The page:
In light of that I hardly have the right to preach to people about how they should live their lives, and follow rules that I struggle with; but instead encourage them to seek God’s love, to be honest about their lives, their strengths, and weaknesses; their successes, and failures, and then allow God to work in and through them as instruments of God’s grace and love.

When I was going through my most difficult times of doubt after Iraq it was Father Andrew Greeley’s Bishop Blackie Ryan mysteries that kept a spark of hope and faith alive in my life. In his novel The Bishop and the Beggar Girl of St. Germain, Bishop Blackie noted “Most priests, if they have any sense or any imagination, wonder if they truly believe all the things they preach. Like Jean-Claude they both believe and not believe at the same time.” I can say truthfully that I know what that is like.

More recently we have discovered the latest BBC series based on G.K. Chesterton’s “Father Brown” mysteries. Now that I have seen the series and am watching it a second time, with the addition of previously unaired episodes on Netflix, I am becoming interested in reading Chesterton’s novels, but I digress.

Today was another exceptionally busy day of ministry beginning with an employee who decided to decided to trust me with his marital and spiritual issues based on my Klingon Valentine’s Day article, which I sent out through our Public Affairs Officer to all hands note in a truncated form. He appreciated my openness, and willingness to share my failings as a husband, Priest, and human being in a way that most ministers won’t. It was a long session and I believe that we have built a relationship that will either help save his marriage, or set the stage for a divorce with a soft landing. Sometimes, and sadly, because of how embittered relationship can become, that is the most Christian thing that will happen. I hope we can work to bring reconciliation to this couple. However, I cannot predict what will happen, but promised that I would walk with them through this terrible time.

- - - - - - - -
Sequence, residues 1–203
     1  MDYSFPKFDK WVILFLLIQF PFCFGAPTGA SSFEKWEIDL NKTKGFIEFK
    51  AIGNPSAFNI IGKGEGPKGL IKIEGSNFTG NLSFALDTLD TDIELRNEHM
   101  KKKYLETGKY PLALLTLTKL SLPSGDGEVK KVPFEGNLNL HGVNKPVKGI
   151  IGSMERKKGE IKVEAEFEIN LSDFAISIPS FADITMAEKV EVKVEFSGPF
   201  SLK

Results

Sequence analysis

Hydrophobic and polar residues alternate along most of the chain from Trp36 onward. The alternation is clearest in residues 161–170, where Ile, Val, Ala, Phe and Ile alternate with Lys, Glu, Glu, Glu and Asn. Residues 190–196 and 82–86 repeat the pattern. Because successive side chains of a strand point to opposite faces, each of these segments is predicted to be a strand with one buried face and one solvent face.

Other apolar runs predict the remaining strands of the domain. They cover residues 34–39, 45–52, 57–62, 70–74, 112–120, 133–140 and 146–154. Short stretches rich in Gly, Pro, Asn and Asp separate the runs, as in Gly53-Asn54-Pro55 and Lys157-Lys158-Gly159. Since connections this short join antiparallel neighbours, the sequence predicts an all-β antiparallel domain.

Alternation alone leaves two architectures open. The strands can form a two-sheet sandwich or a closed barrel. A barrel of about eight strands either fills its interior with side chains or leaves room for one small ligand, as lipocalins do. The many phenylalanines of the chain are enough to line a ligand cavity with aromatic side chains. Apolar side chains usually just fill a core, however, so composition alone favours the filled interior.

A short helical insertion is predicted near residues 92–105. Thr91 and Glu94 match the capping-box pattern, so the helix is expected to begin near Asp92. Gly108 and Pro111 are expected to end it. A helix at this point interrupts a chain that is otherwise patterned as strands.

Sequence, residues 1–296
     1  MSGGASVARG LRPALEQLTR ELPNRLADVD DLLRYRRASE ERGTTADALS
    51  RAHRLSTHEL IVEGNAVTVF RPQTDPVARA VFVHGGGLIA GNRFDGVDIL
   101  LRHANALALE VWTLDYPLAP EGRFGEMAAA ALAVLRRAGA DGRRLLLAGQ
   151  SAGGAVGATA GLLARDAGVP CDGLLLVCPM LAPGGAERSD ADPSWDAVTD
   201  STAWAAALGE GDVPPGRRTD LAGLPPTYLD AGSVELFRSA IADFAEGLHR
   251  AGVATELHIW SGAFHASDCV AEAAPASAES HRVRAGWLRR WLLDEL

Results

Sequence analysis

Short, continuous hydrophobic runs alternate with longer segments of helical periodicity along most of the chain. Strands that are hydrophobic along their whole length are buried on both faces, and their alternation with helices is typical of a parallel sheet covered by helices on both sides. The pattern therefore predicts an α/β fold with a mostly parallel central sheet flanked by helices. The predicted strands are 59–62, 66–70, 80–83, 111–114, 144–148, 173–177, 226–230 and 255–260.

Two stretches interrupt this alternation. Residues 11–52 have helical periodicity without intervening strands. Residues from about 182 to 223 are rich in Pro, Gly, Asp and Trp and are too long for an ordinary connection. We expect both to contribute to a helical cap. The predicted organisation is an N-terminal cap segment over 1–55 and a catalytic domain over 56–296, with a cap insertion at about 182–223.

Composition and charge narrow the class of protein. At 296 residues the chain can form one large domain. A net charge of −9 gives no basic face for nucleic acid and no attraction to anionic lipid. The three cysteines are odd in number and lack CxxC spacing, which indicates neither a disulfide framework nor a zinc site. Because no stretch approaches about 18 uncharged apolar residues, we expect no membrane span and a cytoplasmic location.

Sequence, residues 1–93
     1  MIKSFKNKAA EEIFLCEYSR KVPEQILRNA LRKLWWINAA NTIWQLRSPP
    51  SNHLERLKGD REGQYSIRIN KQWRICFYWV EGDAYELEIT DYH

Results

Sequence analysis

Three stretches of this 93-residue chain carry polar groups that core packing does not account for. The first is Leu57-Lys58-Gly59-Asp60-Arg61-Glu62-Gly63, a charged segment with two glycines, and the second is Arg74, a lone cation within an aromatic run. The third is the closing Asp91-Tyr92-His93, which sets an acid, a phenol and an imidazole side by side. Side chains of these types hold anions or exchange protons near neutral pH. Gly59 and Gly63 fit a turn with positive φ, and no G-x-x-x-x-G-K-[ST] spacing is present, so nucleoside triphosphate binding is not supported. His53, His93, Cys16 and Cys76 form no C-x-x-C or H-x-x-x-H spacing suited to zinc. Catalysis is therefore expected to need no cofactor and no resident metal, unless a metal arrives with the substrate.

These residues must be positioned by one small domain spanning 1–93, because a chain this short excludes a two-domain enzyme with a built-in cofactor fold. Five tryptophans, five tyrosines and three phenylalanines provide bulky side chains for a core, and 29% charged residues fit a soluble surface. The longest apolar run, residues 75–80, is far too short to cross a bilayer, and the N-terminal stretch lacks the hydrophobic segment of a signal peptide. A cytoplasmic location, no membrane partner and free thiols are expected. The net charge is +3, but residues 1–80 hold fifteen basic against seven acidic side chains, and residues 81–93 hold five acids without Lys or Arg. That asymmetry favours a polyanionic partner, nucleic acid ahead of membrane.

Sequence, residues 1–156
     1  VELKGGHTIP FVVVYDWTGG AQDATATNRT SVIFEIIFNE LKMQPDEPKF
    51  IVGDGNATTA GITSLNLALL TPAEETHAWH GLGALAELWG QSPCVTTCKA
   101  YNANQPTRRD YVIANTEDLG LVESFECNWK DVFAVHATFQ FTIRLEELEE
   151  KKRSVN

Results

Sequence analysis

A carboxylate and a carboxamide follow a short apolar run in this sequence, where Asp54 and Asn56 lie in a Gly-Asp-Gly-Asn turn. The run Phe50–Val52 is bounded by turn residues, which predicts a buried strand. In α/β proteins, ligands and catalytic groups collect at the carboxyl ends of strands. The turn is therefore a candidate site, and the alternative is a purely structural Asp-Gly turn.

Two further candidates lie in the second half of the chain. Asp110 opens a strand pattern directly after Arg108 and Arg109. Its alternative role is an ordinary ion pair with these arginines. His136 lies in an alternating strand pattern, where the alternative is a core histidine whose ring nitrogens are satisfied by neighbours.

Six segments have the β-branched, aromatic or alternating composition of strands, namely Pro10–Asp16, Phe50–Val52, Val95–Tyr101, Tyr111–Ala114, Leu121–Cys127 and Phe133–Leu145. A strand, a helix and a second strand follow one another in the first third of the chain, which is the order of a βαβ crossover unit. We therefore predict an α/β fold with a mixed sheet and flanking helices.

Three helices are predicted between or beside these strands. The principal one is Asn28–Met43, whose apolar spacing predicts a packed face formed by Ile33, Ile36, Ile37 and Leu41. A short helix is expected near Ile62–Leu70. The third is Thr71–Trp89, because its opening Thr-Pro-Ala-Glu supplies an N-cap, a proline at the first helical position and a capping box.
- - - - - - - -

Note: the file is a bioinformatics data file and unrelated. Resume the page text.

But just before the appointment I was called because one of our civilian administrative assistants died unexpectedly before work this morning. She was beloved, and what some people don’t realize, that in places like the Naval Shipyard, our civilian employees are like family to each other. They work with each other for decades, it’s not like the active duty military where we transfer every few years. In the case of the shipyard, which is the oldest in the Western Hemisphere, many employees have family connections going back generations to it. So I spent about half of my day with those employees doing grief counseling, and since I hung around to get to know people I ended up answering other people’s questions about faith, religion, and church history. It was wonderful. I didn’t push anything on them, and explained the differences in what different Christian denominations believe without condemning any of them. Of course that is a significant part of my spiritual “Long Strange Trip.” Because of that I am willing to appreciate the differences of different denominations, even as I am able to explain how they differ with other Christian denominations, without condemning them.

So it was a wonderful day, but it was exhausting, as at my heart I am an introvert who chooses to push my boundaries and at work function as an extrovert. Of course that means that when I come home I often withdraw into my emotional bucket in order to regenerated so I can do the next day. By the way that is a Star Trek Deep Space Nice reference. Google it if you must, but for practical purposes I am an emotional changeling, like DS 9’s Chief of Security, Odo, after so long I have to revert to my emotional introvert gelatinous state in order to regenerate at function in the military and the church. That is an odd comparison, but it is the best I can do.

But, where was I?

Oh that’s right, Ash Wednesday ministry; ministry the day following, Father Brown, and Bishop Blackie Ryan, are my inspiration. It is true that they are fictional characters, but the men who wrote their stories were not, they were very real, and their fictional characters have helped me continue to believe, Even when the Bible didn’t,  and likewise brought  a reality and joy to ministry that I didn’t know; even when I knew it all. But, as the late MLB Hall of Fame Baltimore Orioles manager, Earl Weaver noted “it’s what you learn after you know it all that counts.” That is quite true of my spiritual life.